There was a time when document center managers were mainly focused on finding ways to produce higher volumes of documents at the lowest possible cost. Today, though managing production and postal costs remain important, the best way to save money with transactional documents isn’t producing them more cheaply. The biggest gains are likely to be found in benefits to corporate functions outside document operations.
What is driving this shift in emphasis? Well, digital migration is part of it. Even though they are still a favorite among consumers, paper statements, bills, and notices are not on a growth path. Fewer documents to produce means per-piece cost reduction tactics have less financial impact and are offset by fixed costs like facilities, equipment, and maintenance.
Also, the number of cost-trimming opportunities has dwindled. Document centers have spent decades driving costs out of their production workflows. Any remaining savings opportunities are relatively small or they require a substantial change in operational workflow, such as switching from pre-printed cut-sheets to roll-fed white paper. Few large operations still have easy opportunities for massive postage reductions or large operational efficiencies. Most of those savings have been realized.
Improve Customer Experiences and Save Money
Companies are saving money through documents today by using them to accomplish such goals as reducing calls to customer service, fostering customer loyalty, or doing a better job at up-selling and cross-selling.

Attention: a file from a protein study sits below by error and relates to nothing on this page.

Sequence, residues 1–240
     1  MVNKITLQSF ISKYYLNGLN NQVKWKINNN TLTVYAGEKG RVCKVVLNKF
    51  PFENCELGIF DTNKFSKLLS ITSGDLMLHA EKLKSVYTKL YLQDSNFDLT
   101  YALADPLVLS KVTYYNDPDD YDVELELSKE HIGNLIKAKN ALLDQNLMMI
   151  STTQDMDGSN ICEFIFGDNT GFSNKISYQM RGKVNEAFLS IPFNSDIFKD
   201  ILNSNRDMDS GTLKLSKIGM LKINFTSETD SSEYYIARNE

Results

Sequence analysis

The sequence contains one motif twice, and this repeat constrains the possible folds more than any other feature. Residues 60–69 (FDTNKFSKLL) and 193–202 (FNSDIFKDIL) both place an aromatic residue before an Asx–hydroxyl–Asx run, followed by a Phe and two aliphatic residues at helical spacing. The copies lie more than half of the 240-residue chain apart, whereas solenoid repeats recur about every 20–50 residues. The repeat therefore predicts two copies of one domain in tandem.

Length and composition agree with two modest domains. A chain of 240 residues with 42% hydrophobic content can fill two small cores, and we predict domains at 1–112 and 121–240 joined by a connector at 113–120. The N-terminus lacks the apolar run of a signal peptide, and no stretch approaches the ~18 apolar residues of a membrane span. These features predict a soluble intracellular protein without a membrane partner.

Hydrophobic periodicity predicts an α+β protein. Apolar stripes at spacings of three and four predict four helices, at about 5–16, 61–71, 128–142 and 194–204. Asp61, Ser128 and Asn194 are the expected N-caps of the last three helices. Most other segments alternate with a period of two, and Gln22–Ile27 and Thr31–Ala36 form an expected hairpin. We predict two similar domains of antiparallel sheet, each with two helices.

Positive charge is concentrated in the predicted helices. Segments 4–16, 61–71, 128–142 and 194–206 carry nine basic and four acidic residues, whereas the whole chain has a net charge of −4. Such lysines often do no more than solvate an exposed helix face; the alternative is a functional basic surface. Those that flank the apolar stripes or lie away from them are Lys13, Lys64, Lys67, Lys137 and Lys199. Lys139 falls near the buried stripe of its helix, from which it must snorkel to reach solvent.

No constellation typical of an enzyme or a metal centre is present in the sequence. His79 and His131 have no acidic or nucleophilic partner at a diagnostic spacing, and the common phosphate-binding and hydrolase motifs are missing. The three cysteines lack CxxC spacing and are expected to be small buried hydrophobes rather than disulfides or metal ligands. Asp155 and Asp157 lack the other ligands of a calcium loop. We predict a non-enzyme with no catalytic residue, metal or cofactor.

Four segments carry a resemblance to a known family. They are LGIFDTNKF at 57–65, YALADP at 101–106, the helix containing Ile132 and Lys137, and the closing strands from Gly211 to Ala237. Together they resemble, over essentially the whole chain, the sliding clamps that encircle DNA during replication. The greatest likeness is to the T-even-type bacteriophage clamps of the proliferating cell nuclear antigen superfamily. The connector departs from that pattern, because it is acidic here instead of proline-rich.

Transactional documents have always been important customer touchpoints. Customers expect these communications, open them over 90% of the time, and act when the mail pieces arrive. No other corporate messaging has this level of influence. Taking advantage of the power of these documents is the secret to adding value to the organization through customer communications.
There are many approaches an organization can take to achieve these goals. For instance, redesigning some documents might be in order if customer service consistently has spikes in call volume following bill and statement distribution. If companies can reduce confusion by making some document modifications, the organization can handle more calls with fewer people and reduce expenses. Replacing boilerplate terms and conditions with product/customer/location-specific wording may be helpful. Changing line item descriptions or adding informational text or graphics to the pages could be another improvement that is easy to implement.
Does your company have online self-help videos, tutorials, or FAQ’s? Is there an online chat capability? Emphasizing these options on the documents or printing QR codes linking to self-help resources can redirect some of those calls coming to customer service to less-expensive information sources.
Put Unused Space to Work
Using data already recorded, modern document composition software can offer specific customers a special discount, suggest upgrades, or introduce appropriate new products. Using white space management capabilities and digital printers, one can print offers or messages relevant to each customer right on the documents at practically no extra expense. With this functionality marketers can link offers to individual customers and track which people respond, thereby triggering follow-up or fulfillment activities.
Positive changes in customer behavior such as faster payment, additional purchases, referrals, or renewals are much more valuable to corporate executives than small reductions in bill printing expenses. In most companies, document operations can make their greatest contributions to their company’s most important goals by improving the messages they send to customers.